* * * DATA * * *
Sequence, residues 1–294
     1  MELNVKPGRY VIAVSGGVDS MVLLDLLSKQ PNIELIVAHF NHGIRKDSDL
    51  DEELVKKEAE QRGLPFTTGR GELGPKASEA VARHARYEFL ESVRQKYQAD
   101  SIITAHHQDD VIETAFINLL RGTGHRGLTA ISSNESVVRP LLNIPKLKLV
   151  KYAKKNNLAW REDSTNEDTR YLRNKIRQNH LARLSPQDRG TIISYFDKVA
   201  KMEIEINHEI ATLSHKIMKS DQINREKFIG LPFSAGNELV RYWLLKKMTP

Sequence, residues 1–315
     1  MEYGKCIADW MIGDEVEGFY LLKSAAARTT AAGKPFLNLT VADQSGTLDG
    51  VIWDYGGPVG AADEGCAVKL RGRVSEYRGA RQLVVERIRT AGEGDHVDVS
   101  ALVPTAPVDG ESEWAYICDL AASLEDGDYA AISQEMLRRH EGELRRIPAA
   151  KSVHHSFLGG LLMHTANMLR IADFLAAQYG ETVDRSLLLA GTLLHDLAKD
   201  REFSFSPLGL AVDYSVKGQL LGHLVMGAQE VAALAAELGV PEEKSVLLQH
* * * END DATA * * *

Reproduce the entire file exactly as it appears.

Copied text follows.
Sequence, residues 1–294
     1  MELNVKPGRY VIAVSGGVDS MVLLDLLSKQ PNIELIVAHF NHGIRKDSDL
    51  DEELVKKEAE QRGLPFTTGR GELGPKASEA VARHARYEFL ESVRQKYQAD
   101  SIITAHHQDD VIETAFINLL RGTGHRGLTA ISSNESVVRP LLNIPKLKLV
   151  KYAKKNNLAW REDSTNEDTR YLRNKIRQNH LARLSPQDRG TIISYFDKVA
   201  KMEIEINHEI ATLSHKIMKS DQINREKFIG LPFSAGNELV RYWLLKKMTP

Sequence, residues 1–315
     1  MEYGKCIADW MIGDEVEGFY LLKSAAARTT AAGKPFLNLT VADQSGTLDG
    51  VIWDYGGPVG AADEGCAVKL RGRVSEYRGA RQLVVERIRT AGEGDHVDVS
   101  ALVPTAPVDG ESEWAYICDL AASLEDGDYA AISQEMLRRH EGELRRIPAA
   151  KSVHHSFLGG LLMHTANMLR IADFLAAQYG ETVDRSLLLA GTLLHDLAKD
   201  REFSFSPLGL AVDYSVKGQL LGHLVMGAQE VAALAAELGV PEEKSVLLQH